Rural round-up

02/04/2020

Farming, a privilege – First Rock Consultancy:

New Zealand farming has over the last couple of years under the current government has been berated, belittled & blamed for almost all of the pollution problems that we are facing as a country.

This coalition government has produced many polices aimed at the farmers of New Zealand that are supposedly going to fix all of the problems that we have with pollution of our land & waterways and protection of our national indigenous biodiversity.

Yet now they state that farming is privileged to be working, the same farmers that this current coalition government has made to feel like they are the cause of all the country’s problems in relation to pollution particularly of our waterways. . .

Farmers ask Regional Council to take time with consultation – Richard Davison:

Farming advocates have expressed anger over the “rushed” pace of consultation on a core Otago Regional Council policy document.

The council held a series of public Regional Policy Statement (RPS) meetings across Otago recently.

The statement will shape ORC policy on ecosystems and biodiversity; energy and infrastructure; hazards and risks; historical and cultural values; natural features and landscapes; and urban form and development for the next 10 years. . .

Another day at the office for farmers in lockdown – Esther Taunton:

While urban Kiwis struggle to adapt to life in coronavirus lockdown, it’s business as usual for farmers.

Arable farmer Matt McEvedy said not much had changed in the day-to-day operation of his farm at Southbridge, on the Canterbury Plains.

“The only real change is in daily interactions among ourselves, just taking a bit more care and making a few policy changes around that sort of thing,” he says. . . 

 

Pulling together as a community while also staying apart – Andrew Hoggard:

Andrew Hoggard elaborates on his tweet from last week where he urged people to “be a good bugger, don’t be a dick”.

Last week I sent out a Covid-19 Alert Level 4-related tweet that got a bit of attention – “be a good bugger, don’t be a dick”.  This is the longer version.

These are not “business” as usual times.

In the last week Italy has lost more people from Covid-19 than live in Balclutha or Hokitika or Raglan or Greytown. In the past month more Italians have died from the virus than live in Te Puke, Morrinsville, Kerikeri or Otaki. . .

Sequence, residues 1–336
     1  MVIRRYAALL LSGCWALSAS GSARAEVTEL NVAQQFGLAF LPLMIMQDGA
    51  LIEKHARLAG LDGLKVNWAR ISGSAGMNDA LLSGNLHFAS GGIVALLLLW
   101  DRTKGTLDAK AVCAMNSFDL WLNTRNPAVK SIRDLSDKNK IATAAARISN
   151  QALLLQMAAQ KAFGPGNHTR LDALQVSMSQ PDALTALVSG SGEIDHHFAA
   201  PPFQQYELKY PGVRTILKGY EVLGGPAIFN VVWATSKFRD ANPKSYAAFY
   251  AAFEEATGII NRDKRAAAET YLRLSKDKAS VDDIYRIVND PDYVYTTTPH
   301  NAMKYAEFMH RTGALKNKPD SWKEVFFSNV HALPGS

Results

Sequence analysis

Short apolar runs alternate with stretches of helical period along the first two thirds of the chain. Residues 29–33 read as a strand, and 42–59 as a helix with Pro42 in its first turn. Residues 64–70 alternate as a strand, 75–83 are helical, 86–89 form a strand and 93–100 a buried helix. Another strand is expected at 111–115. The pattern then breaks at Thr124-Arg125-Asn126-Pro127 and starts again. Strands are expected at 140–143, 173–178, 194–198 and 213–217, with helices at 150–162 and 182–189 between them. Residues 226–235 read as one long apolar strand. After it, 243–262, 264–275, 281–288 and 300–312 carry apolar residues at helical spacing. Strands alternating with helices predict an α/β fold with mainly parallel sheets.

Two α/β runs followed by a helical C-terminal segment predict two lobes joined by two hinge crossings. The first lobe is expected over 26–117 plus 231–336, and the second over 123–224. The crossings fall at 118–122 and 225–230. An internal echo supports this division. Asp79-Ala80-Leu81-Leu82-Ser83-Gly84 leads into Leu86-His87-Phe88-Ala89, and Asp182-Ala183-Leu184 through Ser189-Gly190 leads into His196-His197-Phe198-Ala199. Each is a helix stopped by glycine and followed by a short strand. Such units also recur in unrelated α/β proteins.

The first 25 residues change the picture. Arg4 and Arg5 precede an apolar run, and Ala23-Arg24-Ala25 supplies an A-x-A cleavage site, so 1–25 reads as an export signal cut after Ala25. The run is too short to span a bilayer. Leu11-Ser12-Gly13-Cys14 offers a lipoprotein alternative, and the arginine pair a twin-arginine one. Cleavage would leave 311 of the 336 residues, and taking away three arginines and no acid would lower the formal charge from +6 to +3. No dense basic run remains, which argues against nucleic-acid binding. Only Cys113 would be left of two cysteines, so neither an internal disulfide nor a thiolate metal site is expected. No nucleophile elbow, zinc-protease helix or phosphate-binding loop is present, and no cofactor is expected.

Coronavirus: More farmers heading online to keep livestock trade active – Lawrence Gullery:

Farmers tasked with keeping the nation fed are migrating to an online auction to ensure they can continue to trade livestock through the coronavirus lockdown and beyond.

Sale yards around the country have closed forcing farmers and their stock agents to look at more innovative ways to do business.

Many are taking up a virtual livestock trading platform called bidr, developed by PGG Wrightson Livestock at the Ruakura Research Centre in Hamilton. . . 

 

Isolation in the back of beyond – Greg Dixon:

A tale of early life on a remote sheep station can teach us a lot about isolation.

“Road not recommended,” read the sign. It wasn’t bloody joking. Beyond its plain, wry warning was a narrow, unrelenting snake of a road, a thing of gravel and grief that wound for 32 long kilometres through Skippers Canyon above Otago’s Upper Shotover River.

In spring, there would be washouts and landslips. In winter, there was ice and snow and flooding. For months of the year, it could be impassable. And all year around there were dizzying hairpins, step climbs, slippery turns and precipitous drops. It made drivers tough, and it broke some, too. More than one who’d made it from Queenstown to the end of the Skippers Rd refused to drive back.

But at its end, on a high country sheep station, between the Richardson and Harris mountain ranges, a young family lived remote from the rest of the world in a solitude that’s hard to imagine in 21st-century New Zealand. It was in this isolated place, at the end of the country’s worst road, that Terri Macnicol and her husband, Archie, made a family and a life of hard yakka leavened by homely pleasures. . . .

Struggle’ to get shearing contest off the ground – David Hill:

When Roddy Kidd proposed having a shearing competition at the Oxford A&P Show back in 1971, he was told it would never catch on.

But he went ahead anyway and Oxford shearers were due to celebrate 50 years of shearing at the show on April 4, before it was cancelled because of the coronavirus pandemic.

‘‘We struggled to get it going. The then-president was a farmer, but he wasn’t keen. He said, ‘It won’t do any good’.

‘‘But we finally got him round to it and there was a lot of help from the Oxford community to get it going.’’ . .

Wool demand in key markets will be flat for six months – Vernon Graham:

Some wool factories have reopened in China while others have lost orders from buyers in the United States, Australian Wool Innovation chairman Colette Garnsey has told growers.

“The Italian factories remain shut and it is unclear when life and industry will return to normal there, (along with) the United Kingdom or the United States.

“For the next six months overall consumer demand for wool in those three markets will be weak. . .


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